Burglary under the ACCA is “an unlawful or unprivileged entry into . . . a building
or other structure, with intent to commit a crime.” Mathis, 136 S.Ct. at 2248. A crime
counts as “burglary” under the ACCA if its elements are the same as, or narrower
than, those of the generic offense. Id. “But if the crime of conviction covers any more
conduct than the generic offense, then it is not an ACCA ‘burglary’—even if the
defendant’s actual conduct . . . fits within the generic offense’s boundaries.” Id. Citing
Mathis, Burton argues that his residential burglary convictions no longer count as
Mathis dealt with circumstances similar to this case. At issue was Iowa’s
burglary statute which reached a broader range of places (“any building, structure,
or land, water, or air vehicle”) than generic burglary under the ACCA. See IOWA CODE
§ 702.12 (2013). Mathis held that “those listed locations [in Iowa’s burglary statute]
are not alternative elements, going toward the creation of separate crimes. To the
contrary, they lay out alternative ways of satisfying a single locational element . . . .”
136 S.Ct. at 2250. Because Iowa’s locational element was broader than generic
burglary’s locational element, it did not count as a violent felony under the ACCA. Id.
In United States v. Haney, the Seventh Circuit held that under Mathis, a
conviction under Illinois’ early-1970s burglary statute was not a violent felony under
the ACCA because the statute applied not only to buildings but also to vehicles, such
as housetrailers and motor vehicles. United States v. Haney, 840 F.3d 472, 475 (7th
Cir. 2016). Haney and other cases dictate that state burglary statutes which include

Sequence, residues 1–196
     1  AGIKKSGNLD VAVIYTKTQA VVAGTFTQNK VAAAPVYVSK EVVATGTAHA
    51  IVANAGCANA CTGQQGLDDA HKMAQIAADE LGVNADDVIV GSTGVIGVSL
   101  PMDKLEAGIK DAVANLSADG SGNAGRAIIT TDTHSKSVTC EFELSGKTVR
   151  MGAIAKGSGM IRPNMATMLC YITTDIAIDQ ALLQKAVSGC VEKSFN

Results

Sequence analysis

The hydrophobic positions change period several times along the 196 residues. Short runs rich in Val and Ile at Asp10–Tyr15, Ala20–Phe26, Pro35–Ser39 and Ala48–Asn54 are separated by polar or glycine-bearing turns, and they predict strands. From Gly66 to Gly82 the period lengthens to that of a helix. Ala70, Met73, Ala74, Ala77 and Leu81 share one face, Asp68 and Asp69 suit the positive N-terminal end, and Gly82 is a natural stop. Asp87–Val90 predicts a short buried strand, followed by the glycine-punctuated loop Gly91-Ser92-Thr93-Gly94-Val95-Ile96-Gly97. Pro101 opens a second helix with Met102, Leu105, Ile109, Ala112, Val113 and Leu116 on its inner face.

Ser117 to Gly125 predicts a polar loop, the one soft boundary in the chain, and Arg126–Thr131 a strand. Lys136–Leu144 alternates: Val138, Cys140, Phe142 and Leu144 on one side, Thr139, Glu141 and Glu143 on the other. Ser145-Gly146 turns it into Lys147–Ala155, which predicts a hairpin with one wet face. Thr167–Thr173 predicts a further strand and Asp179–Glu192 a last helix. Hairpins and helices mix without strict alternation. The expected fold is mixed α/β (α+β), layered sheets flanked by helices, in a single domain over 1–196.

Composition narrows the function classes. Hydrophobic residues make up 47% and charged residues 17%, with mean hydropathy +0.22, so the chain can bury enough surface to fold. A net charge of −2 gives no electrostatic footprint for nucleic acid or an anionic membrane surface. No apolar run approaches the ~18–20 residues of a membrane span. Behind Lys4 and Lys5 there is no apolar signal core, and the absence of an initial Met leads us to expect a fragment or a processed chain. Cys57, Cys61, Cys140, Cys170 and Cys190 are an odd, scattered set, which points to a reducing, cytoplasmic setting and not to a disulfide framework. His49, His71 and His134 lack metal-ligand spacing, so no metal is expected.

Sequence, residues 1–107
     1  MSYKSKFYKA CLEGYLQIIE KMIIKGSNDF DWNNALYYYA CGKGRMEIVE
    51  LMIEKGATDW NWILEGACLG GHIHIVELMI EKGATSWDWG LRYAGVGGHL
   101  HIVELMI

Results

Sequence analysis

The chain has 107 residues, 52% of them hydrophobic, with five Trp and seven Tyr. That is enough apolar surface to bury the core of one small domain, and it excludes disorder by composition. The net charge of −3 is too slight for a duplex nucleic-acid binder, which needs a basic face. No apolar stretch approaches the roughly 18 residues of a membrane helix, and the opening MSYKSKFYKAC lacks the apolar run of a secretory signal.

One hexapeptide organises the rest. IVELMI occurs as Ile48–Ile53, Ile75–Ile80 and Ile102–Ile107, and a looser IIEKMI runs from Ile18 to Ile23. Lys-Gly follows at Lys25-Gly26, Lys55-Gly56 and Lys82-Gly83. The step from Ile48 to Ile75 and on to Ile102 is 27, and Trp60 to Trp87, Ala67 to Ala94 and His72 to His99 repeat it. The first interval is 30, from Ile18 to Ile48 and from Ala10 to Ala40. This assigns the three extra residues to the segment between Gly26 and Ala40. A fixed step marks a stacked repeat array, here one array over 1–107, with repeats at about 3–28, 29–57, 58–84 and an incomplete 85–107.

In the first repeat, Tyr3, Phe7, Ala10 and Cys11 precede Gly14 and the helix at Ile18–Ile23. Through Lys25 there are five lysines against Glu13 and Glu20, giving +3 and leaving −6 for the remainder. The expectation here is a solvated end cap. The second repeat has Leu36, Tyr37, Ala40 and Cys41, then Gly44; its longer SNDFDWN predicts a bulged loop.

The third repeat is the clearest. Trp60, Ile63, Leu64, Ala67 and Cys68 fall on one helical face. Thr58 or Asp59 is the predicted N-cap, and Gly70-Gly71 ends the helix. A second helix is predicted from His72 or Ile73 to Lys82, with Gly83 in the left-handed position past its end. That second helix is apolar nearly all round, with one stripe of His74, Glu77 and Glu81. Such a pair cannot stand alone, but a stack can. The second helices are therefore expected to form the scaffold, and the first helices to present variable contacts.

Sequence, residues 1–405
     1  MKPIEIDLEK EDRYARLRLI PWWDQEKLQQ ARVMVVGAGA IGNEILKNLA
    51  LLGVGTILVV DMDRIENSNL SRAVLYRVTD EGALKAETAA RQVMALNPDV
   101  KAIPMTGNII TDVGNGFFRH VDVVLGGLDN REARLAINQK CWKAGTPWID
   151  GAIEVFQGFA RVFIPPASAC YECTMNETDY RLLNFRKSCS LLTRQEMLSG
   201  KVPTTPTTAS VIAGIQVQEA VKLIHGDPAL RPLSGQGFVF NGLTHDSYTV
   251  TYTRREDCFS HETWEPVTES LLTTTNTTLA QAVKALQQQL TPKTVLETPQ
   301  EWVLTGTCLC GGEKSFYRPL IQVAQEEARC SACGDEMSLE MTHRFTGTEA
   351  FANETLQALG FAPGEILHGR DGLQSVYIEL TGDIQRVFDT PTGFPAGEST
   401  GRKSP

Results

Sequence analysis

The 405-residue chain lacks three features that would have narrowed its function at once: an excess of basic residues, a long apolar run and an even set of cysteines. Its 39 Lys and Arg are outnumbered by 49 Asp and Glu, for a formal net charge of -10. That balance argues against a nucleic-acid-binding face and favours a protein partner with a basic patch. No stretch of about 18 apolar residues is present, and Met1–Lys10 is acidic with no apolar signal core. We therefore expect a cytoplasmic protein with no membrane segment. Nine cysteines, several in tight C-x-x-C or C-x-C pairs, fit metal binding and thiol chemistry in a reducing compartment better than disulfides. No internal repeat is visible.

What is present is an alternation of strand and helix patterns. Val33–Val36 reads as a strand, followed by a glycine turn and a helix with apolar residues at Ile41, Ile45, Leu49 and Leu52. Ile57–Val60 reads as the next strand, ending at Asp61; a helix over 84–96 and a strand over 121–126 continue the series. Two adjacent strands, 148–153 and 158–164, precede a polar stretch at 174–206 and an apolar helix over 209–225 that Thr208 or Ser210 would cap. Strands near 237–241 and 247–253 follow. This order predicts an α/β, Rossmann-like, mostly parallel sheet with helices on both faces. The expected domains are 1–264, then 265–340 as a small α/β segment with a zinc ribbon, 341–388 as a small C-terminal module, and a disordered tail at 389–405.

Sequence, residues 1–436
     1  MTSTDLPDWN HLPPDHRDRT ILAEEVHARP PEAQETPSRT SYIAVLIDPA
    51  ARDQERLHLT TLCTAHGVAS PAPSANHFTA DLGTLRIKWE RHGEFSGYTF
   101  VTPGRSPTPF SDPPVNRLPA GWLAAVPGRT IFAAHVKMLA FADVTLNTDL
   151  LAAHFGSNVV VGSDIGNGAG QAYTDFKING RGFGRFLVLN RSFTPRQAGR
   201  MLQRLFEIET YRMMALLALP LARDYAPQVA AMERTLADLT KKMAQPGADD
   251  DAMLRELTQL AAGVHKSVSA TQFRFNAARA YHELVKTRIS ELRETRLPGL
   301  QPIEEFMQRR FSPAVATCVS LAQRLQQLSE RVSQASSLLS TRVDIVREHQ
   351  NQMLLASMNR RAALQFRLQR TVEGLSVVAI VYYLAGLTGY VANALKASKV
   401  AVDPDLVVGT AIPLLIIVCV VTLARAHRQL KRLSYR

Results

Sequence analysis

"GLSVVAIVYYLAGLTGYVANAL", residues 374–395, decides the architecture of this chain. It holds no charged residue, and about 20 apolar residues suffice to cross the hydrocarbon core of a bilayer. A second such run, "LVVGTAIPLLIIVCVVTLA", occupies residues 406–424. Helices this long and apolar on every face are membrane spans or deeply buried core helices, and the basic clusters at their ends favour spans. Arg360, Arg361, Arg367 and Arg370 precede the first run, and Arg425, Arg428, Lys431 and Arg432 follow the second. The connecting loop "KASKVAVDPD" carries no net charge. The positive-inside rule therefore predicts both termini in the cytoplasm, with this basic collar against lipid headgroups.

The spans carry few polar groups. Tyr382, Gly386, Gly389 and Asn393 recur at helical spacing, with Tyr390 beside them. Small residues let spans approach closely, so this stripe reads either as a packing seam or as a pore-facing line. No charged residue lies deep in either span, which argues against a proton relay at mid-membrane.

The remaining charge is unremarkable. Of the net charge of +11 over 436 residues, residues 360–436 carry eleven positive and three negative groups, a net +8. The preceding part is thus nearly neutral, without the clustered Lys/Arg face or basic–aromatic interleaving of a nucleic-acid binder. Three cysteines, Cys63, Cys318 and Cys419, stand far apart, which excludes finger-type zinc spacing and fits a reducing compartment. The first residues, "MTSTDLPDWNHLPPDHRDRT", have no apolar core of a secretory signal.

movable or mobile conveyances are outside the bounds of the ACCA’s generic burglary
offense. See United States v. Perry, 862 F.3d 620, 623-34 (7th Cir. 2017)
(distinguishing non-generic statutes that encompass defendants who enter movable
conveyances); Robertson v. United States, No. 16-2059, 2017 WL 3795756, *4 (C.D.
Ill. Aug. 31, 2017) (Illinois burglary statute included entry into vehicles and therefore
was not generic burglary under ACCA); Green v. United States, No. 16-502, 2017 WL
568315, *3 (E.D. Wisc. Feb. 13, 2017) (Wisconsin burglary statute included entry into
housetrailers, watercraft, aircraft, cars and railroad cars and therefore was not
generic burglary under ACCA); El v. Acting Warden of FCI Pekin, No. 17-1163, 2017
WL 3929309, *6 (C.D. Ill. Sept. 7, 2017) (2003 version of Illinois residential burglary
statute extended to mobile homes, trailers, aircrafts, housetrailers, motor vehicles,
and railroad cars and therefore was non-generic).
Here, the 1990s-version of Illinois residential burglary encompassed mobile
homes and trailers. Thus, the statute included locations other than a “building or
other structure,” and falls outside the confines of generic burglary. The Government
counsels the Court to look to the treatise “Substantive Criminal Law” by Wayne
LaFave and Austin Scott to understand whether mobile homes and trailers are
“structures” within the meaning of the generic burglary definition utilized by the
ACCA, as the Government contends the Supreme Court did in Taylor v. United
States, 495 U.S. 575, 598 (1990). The Court declines to do so because that was not the
approach utilized in Mathis, 136 S. Ct. at 2250 or Haney, 840 F.3d at 472. Mathis
instructs this Court to simply compare the elements of Illinois residential burglary to
generic burglary and see if Illinois’ statute swept more broadly. See Mathis, 136 S.Ct.
at 2248. The Court finds that the residential burglary statute Burton was convicted
of has locational alternatives broader than generic burglary and therefore does not
match up under the categorical approach and, in turn, could not be used to enhance
Burton’s sentence under the ACCA.
For these reasons, Burton should be resentenced to a maximum of 120 months
for violating 18 U.S.C. § 922(g).
For the reasons stated above, Petitioner’s Petition for Writ of Habeas Corpus
Pursuant to 28 U.S.C. § 2241 (Doc. 1) is GRANTED.
IT IS THEREFORE ORDERED:
1) Petitioner’s Petition for Writ of Habeas Corpus pursuant to 28 U.S.C. § 2241
2) Petitioner’s armed career criminal enhanced sentence imposed by the
Northern District of Illinois in Case No. 1:08-cr-01055 is VACATED;
3) Respondent SHALL deliver Petitioner to the Northern District of Illinois for
4) The Clerk is DIRECTED to enter Final Judgment hereon.
Entered this 10th day of October, 2017.
s/ Joe B. McDade
JOE BILLY McDADE
United States Senior District Judge